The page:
Nelson Mandela: A life in pictures
Nelson Mandela and his wife Winnie in this undated file picture.
The controversy over the “chains” metaphor that Joe Biden used in a speech earlier this week has given Republicans another excuse to engage in one of their favorite Obama-era past-times: Talking up the Clintons.
In this case, it’s Hillary who is the subject of their rhetorical largesse, with several Republicans claiming that Biden’s comment should prompt President Obama to make a running-mate switch.
Sarah Palin, for instance, branded Biden’s remark “disgusting” during a Fox News appearance Tuesday night and said, “If that’s not the nail in the coffin, really, the strategists there in the Obama campaign have got to look at a diplomatic way of replacing Joe Biden on the ticket with Hillary.” Fox’s Neil Cavuto was then able to refer back to this in a Wednesday interview with John McCain, who gamely played along by saying that it “might be wise” for Obama to swap Clinton in for Biden.
“But that’s not going to happen,” McCain quickly added, “for a whole variety of reasons.”
He’s right about that, it should go without saying. But the Palin and McCain comments, and the eagerness of Fox News, the leading opinion-shaping organ on the Republican side, to promote them, is the latest example of how Barack Obama’s 2008 victory altered the right’s relationship with the Clintons.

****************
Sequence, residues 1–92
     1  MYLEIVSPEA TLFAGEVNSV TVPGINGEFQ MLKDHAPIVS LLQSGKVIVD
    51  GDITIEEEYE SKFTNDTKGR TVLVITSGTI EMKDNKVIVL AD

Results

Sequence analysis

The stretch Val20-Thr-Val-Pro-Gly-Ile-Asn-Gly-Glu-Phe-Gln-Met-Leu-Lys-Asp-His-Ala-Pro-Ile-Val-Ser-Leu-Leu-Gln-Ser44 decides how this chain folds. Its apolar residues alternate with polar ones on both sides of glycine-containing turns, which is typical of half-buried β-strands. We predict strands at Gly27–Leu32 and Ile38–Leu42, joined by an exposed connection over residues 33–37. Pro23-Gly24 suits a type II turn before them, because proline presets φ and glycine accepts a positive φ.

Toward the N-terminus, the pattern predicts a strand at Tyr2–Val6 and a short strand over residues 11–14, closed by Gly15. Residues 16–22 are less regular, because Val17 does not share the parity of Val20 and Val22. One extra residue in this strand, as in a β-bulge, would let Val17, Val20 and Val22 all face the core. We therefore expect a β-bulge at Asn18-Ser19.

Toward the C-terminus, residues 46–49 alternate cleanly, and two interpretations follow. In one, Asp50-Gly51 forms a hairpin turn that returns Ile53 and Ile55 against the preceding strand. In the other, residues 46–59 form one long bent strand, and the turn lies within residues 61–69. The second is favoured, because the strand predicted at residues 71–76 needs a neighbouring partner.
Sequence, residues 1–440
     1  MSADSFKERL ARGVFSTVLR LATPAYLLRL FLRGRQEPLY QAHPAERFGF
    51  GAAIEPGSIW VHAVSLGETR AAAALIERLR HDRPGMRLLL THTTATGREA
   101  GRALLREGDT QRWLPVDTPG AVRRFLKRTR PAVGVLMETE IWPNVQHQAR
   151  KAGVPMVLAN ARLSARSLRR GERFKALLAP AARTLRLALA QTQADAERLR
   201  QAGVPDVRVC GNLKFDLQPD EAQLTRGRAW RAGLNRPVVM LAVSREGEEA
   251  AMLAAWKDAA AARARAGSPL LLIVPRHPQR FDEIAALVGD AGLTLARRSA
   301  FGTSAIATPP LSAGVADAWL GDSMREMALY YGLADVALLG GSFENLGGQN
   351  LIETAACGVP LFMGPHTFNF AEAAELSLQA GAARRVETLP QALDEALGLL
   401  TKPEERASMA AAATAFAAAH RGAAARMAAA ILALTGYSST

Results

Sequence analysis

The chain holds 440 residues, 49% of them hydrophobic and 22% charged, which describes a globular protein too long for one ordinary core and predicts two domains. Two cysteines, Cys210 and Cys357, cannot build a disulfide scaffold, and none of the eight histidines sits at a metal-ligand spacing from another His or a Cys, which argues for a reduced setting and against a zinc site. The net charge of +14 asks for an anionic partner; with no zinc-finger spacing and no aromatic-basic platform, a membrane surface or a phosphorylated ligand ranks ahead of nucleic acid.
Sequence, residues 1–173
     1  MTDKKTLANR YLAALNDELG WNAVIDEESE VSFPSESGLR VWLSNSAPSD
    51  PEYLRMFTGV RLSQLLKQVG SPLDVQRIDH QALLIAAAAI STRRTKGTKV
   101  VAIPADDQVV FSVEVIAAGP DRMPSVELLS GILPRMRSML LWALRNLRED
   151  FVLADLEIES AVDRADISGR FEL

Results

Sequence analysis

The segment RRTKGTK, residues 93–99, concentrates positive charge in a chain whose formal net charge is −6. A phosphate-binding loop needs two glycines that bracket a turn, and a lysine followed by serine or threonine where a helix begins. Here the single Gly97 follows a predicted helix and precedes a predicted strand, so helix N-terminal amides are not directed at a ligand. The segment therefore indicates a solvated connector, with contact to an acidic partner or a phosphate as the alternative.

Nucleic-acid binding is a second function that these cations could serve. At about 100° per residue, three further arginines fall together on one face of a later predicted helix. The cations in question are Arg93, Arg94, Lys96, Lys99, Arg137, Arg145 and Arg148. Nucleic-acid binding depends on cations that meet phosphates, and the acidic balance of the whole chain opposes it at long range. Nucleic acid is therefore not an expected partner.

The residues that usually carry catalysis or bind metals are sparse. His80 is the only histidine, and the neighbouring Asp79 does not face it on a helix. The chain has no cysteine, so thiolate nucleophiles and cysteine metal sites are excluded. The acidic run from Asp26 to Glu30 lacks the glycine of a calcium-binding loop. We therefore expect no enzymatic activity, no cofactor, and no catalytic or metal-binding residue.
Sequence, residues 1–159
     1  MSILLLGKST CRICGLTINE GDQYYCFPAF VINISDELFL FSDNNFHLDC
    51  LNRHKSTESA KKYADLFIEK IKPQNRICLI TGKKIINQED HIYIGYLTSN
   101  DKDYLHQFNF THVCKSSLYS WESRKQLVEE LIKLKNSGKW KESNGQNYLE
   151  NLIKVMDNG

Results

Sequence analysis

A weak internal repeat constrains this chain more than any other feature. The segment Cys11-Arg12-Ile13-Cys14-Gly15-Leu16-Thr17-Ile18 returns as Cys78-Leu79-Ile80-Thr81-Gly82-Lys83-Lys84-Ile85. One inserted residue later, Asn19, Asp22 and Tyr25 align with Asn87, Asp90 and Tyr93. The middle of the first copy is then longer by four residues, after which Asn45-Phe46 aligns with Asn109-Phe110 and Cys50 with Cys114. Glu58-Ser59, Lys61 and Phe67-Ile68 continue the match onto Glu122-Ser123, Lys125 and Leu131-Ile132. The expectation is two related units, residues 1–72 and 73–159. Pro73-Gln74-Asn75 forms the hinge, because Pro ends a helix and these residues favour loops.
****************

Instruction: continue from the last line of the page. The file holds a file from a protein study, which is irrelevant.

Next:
As I’ve written before, you can almost pinpoint the moment Bill and Hillary stopped serving as villains in conservative storytelling. For 16 years, starting with Bill’s rise in 1992 and extending well into the 2008 campaign, the right regarded the Clintons as the faces of the national Democratic Party and treated them accordingly – an almost never-ending stream of attacks designed first to strip them of power and then to prevent them from reclaiming it. But when it became apparent in the spring of ’08 that Obama would be supplanting them as the Democrats’ leader, they revised history almost overnight: Suddenly, the Clintons embodied a bygone spirit of bipartisanship and political moderation that the radical, far-left Obama was intent on destroying.
This has been a politically useful framing for Republicans these past few years. It’s added a whiff of reasonableness to their relentless criticisms of Obama. See, we’re not against all Democrats – we actually think Bill was a good president, and that Hillary would be a lot better than Obama! Accordingly, Bill and Hillary have featured prominently in Mitt Romney’s speeches and ads and in general Republican talking points.
But there’s a flip-side to all of this: Republicans could be setting themselves up for trouble in the post-Obama era. Just consider the effect that GOP’s decision to treat the Clintons as friends has had on their political standing. A recent poll gave Bill his highest personal popularity since his presidential honeymoon in early 1993. It’s the same story for Hillary who, but for a brief period during the Monica Lewinsky scandal, has never enjoyed favorable scores like she’s had for the last three years. Look closely at Hillary’s popularity trendlines, in fact, and you can see that the favorable and unfavorable lines begin their dramatic divergence in the middle of ’08 – almost exactly when the right’s revisionism began.
This could come back to bite Republicans in a few weeks, when Bill delivers a primetime speech at the Democratic convention. Republicans have helped to make him one of the country’s most well-liked public figures, which will give his endorsement of Obama and any accompanying criticisms of Romney more weight.